In Missouri they have seen a drop in recidivism rates contrary to the current trend across the U.S. This is because they have embraced a total makeover of their justice system. They formed a Sentencing Advisory Commission which is part of their newly adopted "double barrel" approach according to Michael A. Wolff, judge of the Supreme Court of Missouri and chairman of the Missouri Sentencing Advisory Commission. This approach, according to Wolff, is a completely different approach than those taken before, boasting a newly formed body, the Sentencing Advisory Commission, which sends the judges suggested sentencing and help in supervising and managing offenders based on ongoing reports done by probation officers. They have proven their effectiveness as the states' rates of recidivism lowered when they followed the recommendations of this committee. The Commission has developed much more effective supervision strategies that focus on community as well as community-based programs for offenders who are found to be less of a threat.
The second barrel is the Missouri reentry process, a new program which helps the inmates complete a successful re-assimilation into life outside of prison. It provides help to cross over the huge gaps dividing most convicts from a successful transition, such as lack of education, job skills, work situations, health care, and social skills. They have seen a 10% drop in recidivism rates over 12 months compared to convicts who did not participate in the program.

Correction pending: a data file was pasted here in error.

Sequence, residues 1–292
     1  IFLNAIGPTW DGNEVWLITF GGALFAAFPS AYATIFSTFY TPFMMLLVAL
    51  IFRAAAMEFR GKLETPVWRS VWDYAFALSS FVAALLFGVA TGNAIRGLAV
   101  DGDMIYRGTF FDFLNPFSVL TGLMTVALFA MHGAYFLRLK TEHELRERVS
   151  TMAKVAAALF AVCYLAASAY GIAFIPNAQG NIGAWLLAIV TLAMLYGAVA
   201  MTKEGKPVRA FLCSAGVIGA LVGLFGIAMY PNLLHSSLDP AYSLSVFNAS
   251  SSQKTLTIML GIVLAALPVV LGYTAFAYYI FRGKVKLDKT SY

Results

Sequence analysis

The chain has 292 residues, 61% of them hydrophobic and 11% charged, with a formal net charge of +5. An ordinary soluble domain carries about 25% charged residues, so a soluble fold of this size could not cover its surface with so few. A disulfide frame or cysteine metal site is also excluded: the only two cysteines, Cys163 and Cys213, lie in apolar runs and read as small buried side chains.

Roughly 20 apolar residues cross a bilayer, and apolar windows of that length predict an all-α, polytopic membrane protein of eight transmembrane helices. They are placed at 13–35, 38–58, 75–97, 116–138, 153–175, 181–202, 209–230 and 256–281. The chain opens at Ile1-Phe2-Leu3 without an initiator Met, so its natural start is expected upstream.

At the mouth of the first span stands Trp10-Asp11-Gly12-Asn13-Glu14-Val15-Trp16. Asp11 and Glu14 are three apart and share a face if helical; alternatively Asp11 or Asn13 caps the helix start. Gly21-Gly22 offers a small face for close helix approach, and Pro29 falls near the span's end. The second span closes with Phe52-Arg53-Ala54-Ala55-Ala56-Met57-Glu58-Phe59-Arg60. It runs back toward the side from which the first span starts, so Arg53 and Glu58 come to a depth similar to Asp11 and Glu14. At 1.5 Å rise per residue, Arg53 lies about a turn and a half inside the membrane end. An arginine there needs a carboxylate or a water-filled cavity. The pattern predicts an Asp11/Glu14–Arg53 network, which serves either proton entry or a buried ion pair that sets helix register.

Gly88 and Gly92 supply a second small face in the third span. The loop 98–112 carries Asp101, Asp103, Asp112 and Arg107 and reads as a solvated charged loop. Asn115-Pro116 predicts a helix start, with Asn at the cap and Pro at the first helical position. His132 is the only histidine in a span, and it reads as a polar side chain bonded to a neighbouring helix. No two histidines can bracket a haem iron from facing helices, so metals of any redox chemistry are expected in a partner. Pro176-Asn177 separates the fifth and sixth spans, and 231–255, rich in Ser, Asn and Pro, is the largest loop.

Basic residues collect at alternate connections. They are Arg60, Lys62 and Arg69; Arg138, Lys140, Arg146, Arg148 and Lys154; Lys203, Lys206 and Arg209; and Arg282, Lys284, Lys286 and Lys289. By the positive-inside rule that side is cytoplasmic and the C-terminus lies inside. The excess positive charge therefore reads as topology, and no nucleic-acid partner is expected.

There are many things you can blame the overwhelming lack of rehabilitation of criminals on. However, the fact remains proven that throwing more money at the system is not going to fix it. Like the school systems who have receive increasingly high amounts of tax dollars in hopes of reform, there will be little result if the root of the problem is not addressed. In the beginning these prisons and jails were created simply to get these criminals off the streets. Prisons, in the eyes of most people, should be saved for the worse of criminals and focus on long term incarcerations with less of a focus on release while smaller jails should serve as a rehabilitation jail which would focus on the healthy release of the convict. This way there would be less money on huge prisons that just house criminals for many years with no real programs to rehabilitate them. The smaller jails could offer addiction counseling, mental health services, education and training, and even job placement services.
Missouri, Kansas, Louisiana and Tennessee all had declining recidivism rates and Missouri has their new program to thank. Shy of a total overhaul of current system many believe there is only a slight chance for significant change within a convict and frankly the rates suggest they are correct. Regardless of the feelings on what the problem is, only the facts can tell steer us down the right road, which appears to be reform. Only time will tell whether or not Obama will be able to take on this greatly important feat in his term as President.